A Song in My Heart

Mahhh-Mayyyy-Mahhhh-Mayyyy, (inhale) Ma-Me-Ma-Me-Ma-Me-Ma-Me, (faster) Ma-Ma-Ma-Ma-Ma-Ma-Ma-Ma- Ma-Ma-Ma-Ma-Ma-Ma-Ma-Maaayyyyy…Breathe!

Thanks to our rising star choir teacher Petula Beckles, we take breathing exercises (like the one above) to open our lungs to better aid in our singing. We’re not perfect, but we are getting better.

Every Thursday, the church sanctuary is lit up with the voices of youth (ages 16 – 35). Sometimes we sing so loud, people outside take a peek into the sanctuary to see what’s going on. I like that. It’s a softer and more passive way of evangelising to people of what our church’s youth can do. (It’s amazing the talent that youth have if you take a better look.)  

My love for singing began when I was in the sixth grade.  Our school was forming a group to compete against other school choirs in the region. Those interested could audition. I did, got to join the group, and later learned what being a soprano was. My high pitched voice stood out among the crowd and I loved the attention–but I quickly discovered that being in a choir meant being uniformed, singing together, not always taking the lead. Through weeks of practice our little group of eight made it to the finals in the competition setting our hopes high. We didn’t win (sadly), but that loss never deterred me from singing.

Through my high school and college years up till now, I continue to sing. I never forgot my choir teachers through those years. Where are they? I don’t know. But I am thankful for the opportunity to be guided under their wings and hope they still help youth to sing. I believe singing helps youth to listen effectively, establish teamwork, and overcome stage fright (for the most part). But over the years as I’ve joined choirs, I’ve come to believe that singing also has powerful effects of ministering through song.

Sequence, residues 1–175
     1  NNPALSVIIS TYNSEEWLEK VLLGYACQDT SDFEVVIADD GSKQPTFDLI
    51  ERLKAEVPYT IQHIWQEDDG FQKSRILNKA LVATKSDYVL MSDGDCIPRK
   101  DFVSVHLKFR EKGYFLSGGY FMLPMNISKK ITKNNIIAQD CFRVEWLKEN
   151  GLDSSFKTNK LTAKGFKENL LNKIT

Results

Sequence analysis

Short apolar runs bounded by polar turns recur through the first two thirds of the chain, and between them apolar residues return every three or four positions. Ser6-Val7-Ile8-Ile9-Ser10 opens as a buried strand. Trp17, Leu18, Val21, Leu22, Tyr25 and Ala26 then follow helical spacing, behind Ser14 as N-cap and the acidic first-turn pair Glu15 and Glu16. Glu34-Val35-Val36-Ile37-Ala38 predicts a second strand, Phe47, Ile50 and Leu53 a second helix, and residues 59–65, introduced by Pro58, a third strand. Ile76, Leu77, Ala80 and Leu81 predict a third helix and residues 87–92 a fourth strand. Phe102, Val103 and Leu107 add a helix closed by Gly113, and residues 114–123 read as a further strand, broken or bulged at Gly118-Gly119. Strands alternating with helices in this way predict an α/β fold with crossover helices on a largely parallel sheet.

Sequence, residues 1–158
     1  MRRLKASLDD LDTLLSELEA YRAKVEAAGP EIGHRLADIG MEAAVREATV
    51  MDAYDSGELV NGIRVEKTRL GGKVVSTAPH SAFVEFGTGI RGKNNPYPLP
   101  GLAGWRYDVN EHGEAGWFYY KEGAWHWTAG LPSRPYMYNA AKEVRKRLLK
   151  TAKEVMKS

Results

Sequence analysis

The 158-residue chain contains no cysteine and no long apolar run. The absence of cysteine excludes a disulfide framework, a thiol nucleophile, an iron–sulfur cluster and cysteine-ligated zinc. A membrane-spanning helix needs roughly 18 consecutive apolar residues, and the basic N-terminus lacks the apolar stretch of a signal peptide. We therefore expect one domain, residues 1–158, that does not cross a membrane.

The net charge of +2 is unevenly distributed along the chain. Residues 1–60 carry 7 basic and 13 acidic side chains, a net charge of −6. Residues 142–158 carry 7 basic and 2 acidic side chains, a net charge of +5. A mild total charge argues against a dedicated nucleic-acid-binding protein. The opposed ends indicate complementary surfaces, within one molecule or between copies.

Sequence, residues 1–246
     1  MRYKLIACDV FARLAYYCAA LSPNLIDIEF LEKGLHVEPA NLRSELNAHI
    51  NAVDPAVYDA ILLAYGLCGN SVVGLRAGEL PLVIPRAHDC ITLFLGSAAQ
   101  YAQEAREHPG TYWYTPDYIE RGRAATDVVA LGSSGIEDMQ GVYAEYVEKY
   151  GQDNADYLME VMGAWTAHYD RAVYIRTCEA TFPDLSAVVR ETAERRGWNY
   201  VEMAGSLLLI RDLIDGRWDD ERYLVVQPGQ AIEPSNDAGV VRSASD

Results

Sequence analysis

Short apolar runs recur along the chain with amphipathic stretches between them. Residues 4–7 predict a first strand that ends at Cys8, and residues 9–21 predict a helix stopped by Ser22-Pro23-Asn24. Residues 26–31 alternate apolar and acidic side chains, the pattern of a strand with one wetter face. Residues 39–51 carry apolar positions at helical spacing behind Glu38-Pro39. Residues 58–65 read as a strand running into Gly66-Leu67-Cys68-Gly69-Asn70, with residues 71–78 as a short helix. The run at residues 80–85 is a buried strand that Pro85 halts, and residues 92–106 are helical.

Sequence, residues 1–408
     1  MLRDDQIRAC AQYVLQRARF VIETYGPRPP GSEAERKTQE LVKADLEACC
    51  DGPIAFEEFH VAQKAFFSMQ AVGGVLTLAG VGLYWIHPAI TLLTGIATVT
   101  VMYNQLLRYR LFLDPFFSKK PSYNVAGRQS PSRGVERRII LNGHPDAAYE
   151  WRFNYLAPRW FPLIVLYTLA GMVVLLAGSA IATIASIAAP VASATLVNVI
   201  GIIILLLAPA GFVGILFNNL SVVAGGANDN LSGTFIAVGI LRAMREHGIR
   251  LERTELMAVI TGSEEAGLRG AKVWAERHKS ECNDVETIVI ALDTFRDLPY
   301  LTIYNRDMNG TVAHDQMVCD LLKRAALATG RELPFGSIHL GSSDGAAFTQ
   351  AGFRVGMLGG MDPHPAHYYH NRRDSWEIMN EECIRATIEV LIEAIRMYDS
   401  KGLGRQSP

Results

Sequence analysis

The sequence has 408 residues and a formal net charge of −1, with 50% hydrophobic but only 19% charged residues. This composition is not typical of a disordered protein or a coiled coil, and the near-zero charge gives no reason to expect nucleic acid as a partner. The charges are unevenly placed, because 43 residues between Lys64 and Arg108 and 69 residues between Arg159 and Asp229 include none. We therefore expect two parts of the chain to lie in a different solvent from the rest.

Sometimes when I stand on stage to perform, a sea of faces look back on me and I immediately read their silent cries of hopelessness, heartache, suffering, financial woes, and more. That’s alleviated when the choir sings its song. I glance back at those faces and there seems to be a rayof hope amidst their despair. They’re smiling and clapping their hands and praising God for His wonders. 

I’m reminded in Isaiah 40:31 (NKJV), “But they that hope in the Lord shall renew their strength. They will soar on wings like eagles, they will run and not grow weary, they will walk and not be faint.” When I sing, I’m reminded of that verse and it shows.  Some people say when I sing they feel better because I sing from the heart. That’s how I want it to be. The song in my heart is a reminder that despite the painful woes and fears of this world that we can be hopeful. We may fall, but we don’t have to linger on the ground, we can get up (as the famous Donnie McLurkin says).

Our choir sings this weekend and I know we’ll “blow the roof” as they say (I’m still getting the lingo), but as long as I can help someone to be reminded that they are worth living, that care and support is never far of reach, that they can have peace of mind, I continue to inspire when I sing.

Soldiers Sing to Help Other Soldiers in Uniform

I heard this song on the USO’s blog and had to pass this on. If you know of anyone serving in the Army, Navy, Marines, Air Force, or any other military service, this song is for them. The group is called 4Troops. Enjoy! (I did.)